These kinds of dual enrollment programs allow students to remain in their familiar high school environment.
These classes consist of only dual-enrollment students and are typically taught by college professors or qualified high school teachers.
Being enrolled in a college while still completing your high school diploma can be overwhelming for some students and it may get hard to keep things in order. And so, before making any decisions, it is important to weigh both the pros and cons of dual enrollment.
Dual enrollment programs can be extremely beneficial in the long run.
In fact, a 2017 study shows that students who were enrolled in dual enrollment programs in high school were much more likely to earn bachelor's degrees later in life as compared to those who weren’t a part of a dual enrollment program.
We’ve compiled a list to help you gain a better understanding of what benefits a dual enrollment program can offer.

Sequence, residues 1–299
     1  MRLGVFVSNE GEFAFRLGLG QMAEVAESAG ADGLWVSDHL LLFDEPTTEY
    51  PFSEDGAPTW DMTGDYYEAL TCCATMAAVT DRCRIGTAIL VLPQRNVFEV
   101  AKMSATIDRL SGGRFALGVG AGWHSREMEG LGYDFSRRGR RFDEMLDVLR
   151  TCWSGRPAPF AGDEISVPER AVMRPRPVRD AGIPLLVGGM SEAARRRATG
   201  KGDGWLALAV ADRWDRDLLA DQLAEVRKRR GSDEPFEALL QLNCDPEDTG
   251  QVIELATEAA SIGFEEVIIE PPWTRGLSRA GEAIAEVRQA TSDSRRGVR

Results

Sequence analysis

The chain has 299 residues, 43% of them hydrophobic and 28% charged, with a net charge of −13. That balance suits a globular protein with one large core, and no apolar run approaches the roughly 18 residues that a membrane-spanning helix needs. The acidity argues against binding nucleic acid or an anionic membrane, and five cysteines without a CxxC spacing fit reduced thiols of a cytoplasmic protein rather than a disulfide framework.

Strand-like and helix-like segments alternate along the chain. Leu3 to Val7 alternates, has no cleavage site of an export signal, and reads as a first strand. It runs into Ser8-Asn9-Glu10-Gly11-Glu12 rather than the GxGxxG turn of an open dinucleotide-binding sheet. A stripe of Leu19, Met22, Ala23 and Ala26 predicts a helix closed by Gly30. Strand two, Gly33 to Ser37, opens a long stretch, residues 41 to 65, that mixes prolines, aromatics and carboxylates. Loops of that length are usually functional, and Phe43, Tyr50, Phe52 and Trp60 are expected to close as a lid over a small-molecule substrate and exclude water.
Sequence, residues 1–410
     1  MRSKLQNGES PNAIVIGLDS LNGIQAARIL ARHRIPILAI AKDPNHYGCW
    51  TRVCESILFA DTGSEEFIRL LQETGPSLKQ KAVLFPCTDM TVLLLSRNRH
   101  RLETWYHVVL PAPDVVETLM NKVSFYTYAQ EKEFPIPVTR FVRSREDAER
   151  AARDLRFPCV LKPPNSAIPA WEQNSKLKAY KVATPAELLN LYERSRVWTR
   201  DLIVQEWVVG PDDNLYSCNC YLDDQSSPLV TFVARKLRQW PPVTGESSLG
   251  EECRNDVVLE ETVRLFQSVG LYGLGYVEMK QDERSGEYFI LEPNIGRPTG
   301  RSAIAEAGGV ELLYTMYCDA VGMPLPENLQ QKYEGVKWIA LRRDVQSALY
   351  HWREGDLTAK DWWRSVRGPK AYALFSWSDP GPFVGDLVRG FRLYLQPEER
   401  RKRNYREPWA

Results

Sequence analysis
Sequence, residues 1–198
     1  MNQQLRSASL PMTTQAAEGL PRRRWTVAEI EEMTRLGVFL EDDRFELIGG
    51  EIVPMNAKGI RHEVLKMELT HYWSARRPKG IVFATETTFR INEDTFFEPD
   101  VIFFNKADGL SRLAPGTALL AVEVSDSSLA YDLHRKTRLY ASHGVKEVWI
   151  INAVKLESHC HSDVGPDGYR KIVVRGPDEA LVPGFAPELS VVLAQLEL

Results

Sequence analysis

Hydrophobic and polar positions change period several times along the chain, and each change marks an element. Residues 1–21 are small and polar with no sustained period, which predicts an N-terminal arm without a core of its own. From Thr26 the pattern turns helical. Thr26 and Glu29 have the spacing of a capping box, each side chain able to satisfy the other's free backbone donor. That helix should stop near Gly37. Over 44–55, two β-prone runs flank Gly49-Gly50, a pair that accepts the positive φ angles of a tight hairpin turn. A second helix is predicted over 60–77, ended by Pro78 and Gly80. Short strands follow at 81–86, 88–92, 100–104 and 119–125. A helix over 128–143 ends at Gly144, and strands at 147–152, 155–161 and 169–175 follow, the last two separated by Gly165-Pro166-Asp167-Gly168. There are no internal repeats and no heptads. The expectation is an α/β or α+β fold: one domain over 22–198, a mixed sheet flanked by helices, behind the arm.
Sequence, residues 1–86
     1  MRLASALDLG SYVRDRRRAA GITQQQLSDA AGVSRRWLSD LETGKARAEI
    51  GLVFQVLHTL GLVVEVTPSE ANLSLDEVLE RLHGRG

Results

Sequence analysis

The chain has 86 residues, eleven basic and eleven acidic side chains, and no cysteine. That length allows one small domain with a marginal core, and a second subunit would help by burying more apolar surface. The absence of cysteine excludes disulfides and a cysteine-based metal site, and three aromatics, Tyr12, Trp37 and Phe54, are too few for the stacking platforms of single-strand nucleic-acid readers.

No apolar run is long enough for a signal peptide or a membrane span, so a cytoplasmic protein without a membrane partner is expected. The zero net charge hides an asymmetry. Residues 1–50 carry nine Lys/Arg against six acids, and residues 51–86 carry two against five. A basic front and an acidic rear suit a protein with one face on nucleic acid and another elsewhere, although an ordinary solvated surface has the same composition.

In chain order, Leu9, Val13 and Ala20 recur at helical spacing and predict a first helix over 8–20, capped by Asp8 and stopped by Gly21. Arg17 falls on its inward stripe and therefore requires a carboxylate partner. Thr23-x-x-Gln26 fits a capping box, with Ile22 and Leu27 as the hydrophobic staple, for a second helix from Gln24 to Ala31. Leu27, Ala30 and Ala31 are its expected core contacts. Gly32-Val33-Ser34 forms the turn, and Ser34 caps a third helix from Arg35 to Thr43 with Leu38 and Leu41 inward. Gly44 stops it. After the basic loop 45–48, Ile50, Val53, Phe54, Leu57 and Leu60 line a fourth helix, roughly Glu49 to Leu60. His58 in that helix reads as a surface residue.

Taking courses that are not available to you
Sometimes students find themselves in a position where they may be interested in a particular course that isn't being offered at their high school. In that case, dual enrollment is the perfect opportunity to take those courses at a community college and strengthen your transcript.
In a similar case, there are some students that take AP classes as juniors and now wish to take further advanced classes at a local community college. Dual enrollment is a great way to gain more skills and knowledge in a particular subject.
Click here to see a list of all the courses offered at community college.
A stronger transcript
Taking advanced college-level classes during high school can be a great addition to your college transcript.